Topps released another round of sports NFTs on Thursday, porting its Inception baseball series to the company’s proprietary blockchain website that previously hosted drops for Bazooka Joe and Bundesliga products.

Sports NFTs baseball Topps Eternal PogChamps
Topps released its Inception baseball NFTs last week, with collectors praising the product, but once again panning how the company handled its initial drop. (Image: ToppsNFTs.com)

The ToppsNFTs.com website uses Avalanche (AVAX) to power its sports NFT drops, as opposed to the WAX-powered MLB Series 1 drop earlier this year.

Collectors frustrated by Topps NFT drop — again

The switch from WAX to AVAX concerned some collectors, as it left the status of their Series 1 NFTs uncertain. There’s plenty of debate over whether the move could make the Series 1 collectibles more valuable, or relegate them to forgotten, undesirable relics.

In any case, collectors hoped that the second Topps baseball NFT drop would be smoother than the Series 1 drop. In that release, prospective buyers saw their credit cards charged multiple times, even if they never actually successfully purchased packs. An overwhelmed site struggled to even process purchases, leaving many collectors frustrated and angry.

Was Thursday’s Inception drop any better? That question has become the subject of debate among collectors.

For the most part, people who appeared to make purchases actually got their packs – eventually. A queue system promised to remove much of the chaos from the proceedings, but many users (including myself) encountered errors when their turns to purchase came up, sending them to the back of the queue.

As buyers encountered those errors two or three times, frustration grew. Topps then adjusted the purchasing system, which appeared to eliminate those errors and send packs flying off the shelves.

Each user could now purchase up to three premium packs of NFTs at $100 each, or up to 10 standard packs at $15 apiece. But then, another problem emerged: users who managed to make a purchase could then make further buys after only a three-minute delay. That means that users in the queue now saw the 6,000 premium packs and 10,000 standard packs dry up within minutes, leaving some collectors with huge allotments and others empty-handed.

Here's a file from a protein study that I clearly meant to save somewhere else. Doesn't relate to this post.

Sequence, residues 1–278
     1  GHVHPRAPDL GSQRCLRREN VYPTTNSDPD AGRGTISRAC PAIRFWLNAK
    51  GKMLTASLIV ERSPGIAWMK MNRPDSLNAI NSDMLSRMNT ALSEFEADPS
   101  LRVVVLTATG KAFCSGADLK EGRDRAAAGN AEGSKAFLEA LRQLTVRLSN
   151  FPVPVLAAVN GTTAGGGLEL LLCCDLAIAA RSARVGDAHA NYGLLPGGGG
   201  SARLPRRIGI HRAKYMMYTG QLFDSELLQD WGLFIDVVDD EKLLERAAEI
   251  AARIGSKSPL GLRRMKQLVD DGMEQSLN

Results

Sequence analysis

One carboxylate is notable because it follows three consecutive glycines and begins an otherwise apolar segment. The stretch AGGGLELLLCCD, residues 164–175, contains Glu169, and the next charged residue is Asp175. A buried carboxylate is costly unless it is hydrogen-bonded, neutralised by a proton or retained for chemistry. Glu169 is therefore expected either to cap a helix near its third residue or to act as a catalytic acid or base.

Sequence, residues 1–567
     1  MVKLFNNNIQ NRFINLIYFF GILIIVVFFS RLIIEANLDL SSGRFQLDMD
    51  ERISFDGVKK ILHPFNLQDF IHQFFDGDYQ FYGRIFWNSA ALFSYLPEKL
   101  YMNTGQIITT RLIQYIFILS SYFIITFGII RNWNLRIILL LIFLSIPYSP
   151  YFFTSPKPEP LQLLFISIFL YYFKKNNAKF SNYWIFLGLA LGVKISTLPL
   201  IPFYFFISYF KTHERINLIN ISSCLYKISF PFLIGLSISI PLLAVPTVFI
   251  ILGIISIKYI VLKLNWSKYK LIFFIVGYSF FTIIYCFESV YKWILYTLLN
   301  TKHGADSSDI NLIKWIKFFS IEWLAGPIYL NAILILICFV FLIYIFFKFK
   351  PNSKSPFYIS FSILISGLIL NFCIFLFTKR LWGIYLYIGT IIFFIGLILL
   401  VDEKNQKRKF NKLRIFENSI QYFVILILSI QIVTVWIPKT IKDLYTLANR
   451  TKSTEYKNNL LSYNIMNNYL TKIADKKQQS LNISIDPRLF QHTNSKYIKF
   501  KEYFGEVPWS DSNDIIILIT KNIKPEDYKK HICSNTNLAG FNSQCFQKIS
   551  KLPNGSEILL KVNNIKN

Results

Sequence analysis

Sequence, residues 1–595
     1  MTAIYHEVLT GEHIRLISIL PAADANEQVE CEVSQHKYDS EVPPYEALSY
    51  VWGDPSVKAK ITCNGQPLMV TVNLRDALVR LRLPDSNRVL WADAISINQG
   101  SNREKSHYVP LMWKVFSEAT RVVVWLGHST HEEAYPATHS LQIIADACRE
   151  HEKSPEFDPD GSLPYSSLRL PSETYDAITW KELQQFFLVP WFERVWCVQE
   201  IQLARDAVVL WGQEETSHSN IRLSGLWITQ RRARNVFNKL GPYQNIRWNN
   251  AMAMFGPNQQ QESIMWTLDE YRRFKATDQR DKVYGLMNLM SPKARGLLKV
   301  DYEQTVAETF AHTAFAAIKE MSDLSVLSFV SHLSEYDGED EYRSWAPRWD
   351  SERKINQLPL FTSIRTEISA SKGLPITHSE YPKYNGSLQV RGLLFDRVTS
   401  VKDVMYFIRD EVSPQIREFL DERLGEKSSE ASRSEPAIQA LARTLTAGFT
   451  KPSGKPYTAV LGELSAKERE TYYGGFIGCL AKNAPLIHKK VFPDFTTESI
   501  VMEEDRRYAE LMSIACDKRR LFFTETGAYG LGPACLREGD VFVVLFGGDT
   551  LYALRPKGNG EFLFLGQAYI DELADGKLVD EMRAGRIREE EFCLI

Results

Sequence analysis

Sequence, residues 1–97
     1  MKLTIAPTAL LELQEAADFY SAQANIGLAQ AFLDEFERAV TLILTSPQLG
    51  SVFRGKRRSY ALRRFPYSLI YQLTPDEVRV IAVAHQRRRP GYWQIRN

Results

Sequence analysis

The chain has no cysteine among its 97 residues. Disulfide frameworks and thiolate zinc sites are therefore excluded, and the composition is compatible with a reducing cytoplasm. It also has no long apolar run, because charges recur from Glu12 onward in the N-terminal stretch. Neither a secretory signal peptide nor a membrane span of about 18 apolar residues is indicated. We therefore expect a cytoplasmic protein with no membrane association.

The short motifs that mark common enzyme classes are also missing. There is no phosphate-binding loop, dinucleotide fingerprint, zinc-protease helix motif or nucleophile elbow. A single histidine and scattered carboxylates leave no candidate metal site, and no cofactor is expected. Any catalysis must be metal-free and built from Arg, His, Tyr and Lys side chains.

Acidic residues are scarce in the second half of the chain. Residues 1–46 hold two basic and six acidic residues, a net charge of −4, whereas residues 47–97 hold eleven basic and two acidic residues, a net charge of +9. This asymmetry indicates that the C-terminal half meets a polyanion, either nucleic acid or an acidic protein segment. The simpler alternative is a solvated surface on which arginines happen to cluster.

Eternal drops PogChamps collectibles for charity

Once users were finally able to open packs the next day, reviews of the product itself have been strong. Legendary, epic, and super rare NFTs of baseball’s biggest stars are commanding strong prices, and sealed packs have appreciated in value, with premium packs of 25 collectibles selling for over $300.

The fourth PogChamps online streaming chess tournament wrapped up on Sunday. And with the conclusion, Eternal released a commemorative set of NFTs to celebrate some of the most famous and infamous moments of the event.

Eternal takes a slightly different approach to sports NFTs, releasing moments based on various streaming esports and Twitch creators. Sales on the platform benefit those creators, who earn 10% of each sale.

The PogChamps 4 release was limited to just 3,000 packs, with users able to buy just three each. One-hundred percent of all sales went to mental health non-profit Rise Above the Disorder, adding some charity to a set that mostly immortalized checkmates and blunders from popular Twitch streamers.

The Eternal NFTs aren’t a joke, however. Rare moments are selling for around $20 each, while some mythic moments, numbered to just 30, have fetched more than $200 in the marketplace.

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